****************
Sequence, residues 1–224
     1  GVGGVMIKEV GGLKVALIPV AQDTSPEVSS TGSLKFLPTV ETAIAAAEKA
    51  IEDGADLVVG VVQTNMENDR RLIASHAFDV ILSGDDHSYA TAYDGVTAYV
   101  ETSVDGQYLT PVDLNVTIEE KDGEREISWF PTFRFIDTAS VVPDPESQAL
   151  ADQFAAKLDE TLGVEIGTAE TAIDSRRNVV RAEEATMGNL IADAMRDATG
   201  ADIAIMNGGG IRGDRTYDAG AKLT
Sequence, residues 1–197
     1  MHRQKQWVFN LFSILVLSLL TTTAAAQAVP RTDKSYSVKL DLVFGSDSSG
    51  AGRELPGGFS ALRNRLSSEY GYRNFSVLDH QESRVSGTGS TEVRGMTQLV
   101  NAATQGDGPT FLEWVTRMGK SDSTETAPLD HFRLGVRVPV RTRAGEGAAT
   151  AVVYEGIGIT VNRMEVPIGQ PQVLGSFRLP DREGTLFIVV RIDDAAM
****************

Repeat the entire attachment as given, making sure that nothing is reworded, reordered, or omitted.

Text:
Sequence, residues 1–224
     1  GVGGVMIKEV GGLKVALIPV AQDTSPEVSS TGSLKFLPTV ETAIAAAEKA
    51  IEDGADLVVG VVQTNMENDR RLIASHAFDV ILSGDDHSYA TAYDGVTAYV
   101  ETSVDGQYLT PVDLNVTIEE KDGEREISWF PTFRFIDTAS VVPDPESQAL
   151  ADQFAAKLDE TLGVEIGTAE TAIDSRRNVV RAEEATMGNL IADAMRDATG
   201  ADIAIMNGGG IRGDRTYDAG AKLT
Sequence, residues 1–197
     1  MHRQKQWVFN LFSILVLSLL TTTAAAQAVP RTDKSYSVKL DLVFGSDSSG
    51  AGRELPGGFS ALRNRLSSEY GYRNFSVLDH QESRVSGTGS TEVRGMTQLV
   101  NAATQGDGPT FLEWVTRMGK SDSTETAPLD HFRLGVRVPV RTRAGEGAAT
   151  AVVYEGIGIT VNRMEVPIGQ PQVLGSFRLP DREGTLFIVV RIDDAAM